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Have you suffered from Project Failure due to being the victim of a “Bait Project?”

Have you suffered Project Failure due to being the victim of a “Bait Project”?

There is a popular reality TV show called Bait Car. In this show the police leave a nice car on the street with the keys in it, tempting an unsuspecting robber to jump in and steal it. The police then lock them in the car and take them to jail.

In Bait Car the victim goes to jail.  On a Bait Project the project manager suffers unnecessarily on a project that is likely predestined  for project failure.  The generic scenario for the “Bait Car” that sometimes happens to project managers in a “Bait Project” situation is…

  1. The victim/PM is presented a “great opportunity” and has initial excitement
  2. The victim/PM then gets an inkling or feeling that all is not as it seems
  3. This inkling then turns into knowing and a sense of being locked in with no escape from project failure
  4. The same people/Stakeholders that set up the victim/PM then ask the victim/PM with a straight face “what happened”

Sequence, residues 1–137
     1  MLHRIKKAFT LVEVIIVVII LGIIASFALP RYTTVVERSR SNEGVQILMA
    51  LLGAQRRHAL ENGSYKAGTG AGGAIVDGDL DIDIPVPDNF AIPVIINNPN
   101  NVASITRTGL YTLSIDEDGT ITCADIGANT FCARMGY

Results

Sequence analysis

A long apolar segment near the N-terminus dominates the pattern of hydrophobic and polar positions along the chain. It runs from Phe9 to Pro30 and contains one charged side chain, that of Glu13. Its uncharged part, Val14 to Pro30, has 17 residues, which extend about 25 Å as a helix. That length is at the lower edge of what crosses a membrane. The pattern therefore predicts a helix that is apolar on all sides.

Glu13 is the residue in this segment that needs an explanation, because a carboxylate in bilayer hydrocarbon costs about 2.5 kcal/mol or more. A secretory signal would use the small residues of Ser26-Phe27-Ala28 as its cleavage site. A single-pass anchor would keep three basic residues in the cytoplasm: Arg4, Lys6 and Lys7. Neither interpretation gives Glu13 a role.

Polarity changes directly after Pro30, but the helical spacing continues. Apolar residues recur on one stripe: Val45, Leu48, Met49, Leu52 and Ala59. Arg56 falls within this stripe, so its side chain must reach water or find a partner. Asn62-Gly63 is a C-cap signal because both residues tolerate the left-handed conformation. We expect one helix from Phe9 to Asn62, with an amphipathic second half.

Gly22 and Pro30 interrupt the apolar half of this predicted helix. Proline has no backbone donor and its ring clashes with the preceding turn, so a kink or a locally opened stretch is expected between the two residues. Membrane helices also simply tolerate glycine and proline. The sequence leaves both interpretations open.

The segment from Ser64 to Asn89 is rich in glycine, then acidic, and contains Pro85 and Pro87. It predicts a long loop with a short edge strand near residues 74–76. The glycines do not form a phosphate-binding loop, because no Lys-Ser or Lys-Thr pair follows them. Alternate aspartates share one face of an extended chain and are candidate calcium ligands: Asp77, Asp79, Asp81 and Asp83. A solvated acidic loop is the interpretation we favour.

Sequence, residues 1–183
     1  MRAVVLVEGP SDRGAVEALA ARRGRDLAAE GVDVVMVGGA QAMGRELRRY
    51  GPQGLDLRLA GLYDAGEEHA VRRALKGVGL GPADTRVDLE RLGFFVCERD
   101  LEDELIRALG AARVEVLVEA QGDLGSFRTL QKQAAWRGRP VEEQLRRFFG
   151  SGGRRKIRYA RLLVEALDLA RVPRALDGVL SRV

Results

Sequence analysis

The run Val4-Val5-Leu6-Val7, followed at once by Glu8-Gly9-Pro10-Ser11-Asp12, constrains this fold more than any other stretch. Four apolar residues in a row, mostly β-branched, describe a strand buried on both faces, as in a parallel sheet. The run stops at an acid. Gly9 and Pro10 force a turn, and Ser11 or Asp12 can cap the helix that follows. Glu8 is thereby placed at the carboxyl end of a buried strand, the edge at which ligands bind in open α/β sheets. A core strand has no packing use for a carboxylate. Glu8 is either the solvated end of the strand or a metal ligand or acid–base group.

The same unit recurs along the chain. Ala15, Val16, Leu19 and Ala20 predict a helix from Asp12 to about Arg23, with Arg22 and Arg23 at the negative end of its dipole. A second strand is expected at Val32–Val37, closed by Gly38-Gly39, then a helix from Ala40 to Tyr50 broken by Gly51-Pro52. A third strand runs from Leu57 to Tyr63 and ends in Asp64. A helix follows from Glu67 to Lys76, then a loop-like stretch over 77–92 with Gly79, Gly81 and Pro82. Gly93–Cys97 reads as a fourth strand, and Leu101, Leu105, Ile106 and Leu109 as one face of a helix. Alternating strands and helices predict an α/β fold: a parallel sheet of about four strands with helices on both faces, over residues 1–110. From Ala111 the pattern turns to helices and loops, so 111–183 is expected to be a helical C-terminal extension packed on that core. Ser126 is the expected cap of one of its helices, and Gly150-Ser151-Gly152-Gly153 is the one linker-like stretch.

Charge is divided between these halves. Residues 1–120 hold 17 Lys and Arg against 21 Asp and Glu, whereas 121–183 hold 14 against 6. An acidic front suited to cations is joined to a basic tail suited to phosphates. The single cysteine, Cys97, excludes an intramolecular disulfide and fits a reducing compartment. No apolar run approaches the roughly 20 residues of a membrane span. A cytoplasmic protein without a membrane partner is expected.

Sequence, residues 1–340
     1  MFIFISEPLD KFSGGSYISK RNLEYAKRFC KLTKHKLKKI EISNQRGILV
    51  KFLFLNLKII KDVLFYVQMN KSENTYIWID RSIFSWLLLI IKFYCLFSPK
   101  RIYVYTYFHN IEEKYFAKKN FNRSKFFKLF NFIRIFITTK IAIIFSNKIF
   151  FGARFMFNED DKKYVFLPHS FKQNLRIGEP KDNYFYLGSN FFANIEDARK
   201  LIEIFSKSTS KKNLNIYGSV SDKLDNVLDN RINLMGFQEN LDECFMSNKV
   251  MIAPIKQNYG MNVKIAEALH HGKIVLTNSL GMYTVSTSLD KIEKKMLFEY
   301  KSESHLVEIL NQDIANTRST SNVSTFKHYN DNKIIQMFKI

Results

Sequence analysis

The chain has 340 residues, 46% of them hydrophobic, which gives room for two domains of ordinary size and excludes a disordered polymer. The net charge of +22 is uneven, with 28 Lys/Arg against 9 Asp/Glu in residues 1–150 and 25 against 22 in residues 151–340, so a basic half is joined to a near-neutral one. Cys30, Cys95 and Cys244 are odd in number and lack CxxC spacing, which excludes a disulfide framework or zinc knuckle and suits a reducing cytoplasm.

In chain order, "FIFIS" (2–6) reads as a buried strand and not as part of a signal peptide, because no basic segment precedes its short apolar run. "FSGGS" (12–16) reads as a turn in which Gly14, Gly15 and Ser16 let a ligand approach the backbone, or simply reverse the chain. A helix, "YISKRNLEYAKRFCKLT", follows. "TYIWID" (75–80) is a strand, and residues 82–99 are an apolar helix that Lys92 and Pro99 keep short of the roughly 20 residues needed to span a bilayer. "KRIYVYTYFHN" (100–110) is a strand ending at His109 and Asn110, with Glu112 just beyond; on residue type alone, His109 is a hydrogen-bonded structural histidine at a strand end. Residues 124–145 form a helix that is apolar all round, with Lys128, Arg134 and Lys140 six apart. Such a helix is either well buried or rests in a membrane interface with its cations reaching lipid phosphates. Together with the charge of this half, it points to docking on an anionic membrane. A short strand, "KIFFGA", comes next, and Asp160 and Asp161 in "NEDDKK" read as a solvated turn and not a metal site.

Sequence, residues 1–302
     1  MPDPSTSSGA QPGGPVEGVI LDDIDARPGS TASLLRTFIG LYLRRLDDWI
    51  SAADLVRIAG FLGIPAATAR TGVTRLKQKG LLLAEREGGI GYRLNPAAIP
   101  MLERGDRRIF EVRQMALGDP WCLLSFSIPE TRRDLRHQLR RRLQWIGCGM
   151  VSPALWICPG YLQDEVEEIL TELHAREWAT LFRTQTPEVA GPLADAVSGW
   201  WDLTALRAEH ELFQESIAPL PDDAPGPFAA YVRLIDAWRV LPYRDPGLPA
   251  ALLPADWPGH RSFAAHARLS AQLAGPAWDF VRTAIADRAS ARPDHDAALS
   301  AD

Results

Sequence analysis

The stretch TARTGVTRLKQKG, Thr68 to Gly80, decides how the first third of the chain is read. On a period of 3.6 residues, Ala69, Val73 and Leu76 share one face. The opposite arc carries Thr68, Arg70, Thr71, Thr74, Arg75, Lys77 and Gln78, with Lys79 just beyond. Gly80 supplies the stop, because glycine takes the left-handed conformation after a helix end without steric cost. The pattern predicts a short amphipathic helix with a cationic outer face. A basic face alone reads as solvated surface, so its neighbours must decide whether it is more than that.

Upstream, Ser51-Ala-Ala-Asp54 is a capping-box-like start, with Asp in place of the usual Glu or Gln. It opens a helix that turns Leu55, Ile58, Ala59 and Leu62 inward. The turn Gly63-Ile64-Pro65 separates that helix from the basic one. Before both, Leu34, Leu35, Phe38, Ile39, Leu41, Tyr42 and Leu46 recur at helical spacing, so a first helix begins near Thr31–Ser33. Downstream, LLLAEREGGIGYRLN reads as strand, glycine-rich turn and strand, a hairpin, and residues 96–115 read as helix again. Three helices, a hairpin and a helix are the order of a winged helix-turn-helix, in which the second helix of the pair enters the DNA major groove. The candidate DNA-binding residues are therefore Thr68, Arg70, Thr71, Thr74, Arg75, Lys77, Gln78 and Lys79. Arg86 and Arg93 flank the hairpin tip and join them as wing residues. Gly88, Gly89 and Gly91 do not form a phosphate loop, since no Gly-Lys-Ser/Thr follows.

Here are the common statements from sponsors that may clue you in that you are being offered/assigned a “Bait Project

•   This project may require long hours but that is only short term…

•   You will get to keep your other responsibilities also, but the stakeholders will be understanding if there are delays…

•   The critical team members will be on board soon…

•   The budget authorization should happen shortly but we would like you to proceed…

•   The customer is still not exactly sure what is required…

•   The completion date has been set but there is plenty of flexibility…

•   Even though this is a global project, travel requirements are minimal…

•   You have our full support as this project has the highest visibility…

Please feel free to share any other “Bait Project” clues.

To successfully deliver, alter or avoid a “Bait Project” begin with Managing Stakeholder ExpectationsIf you are going to suffer from project failure try to make sure it is calculated failure.

Posted by Dr. James Brown in Change Management, Leadership Skills, Stakeholder Management and tagged , , , .


 

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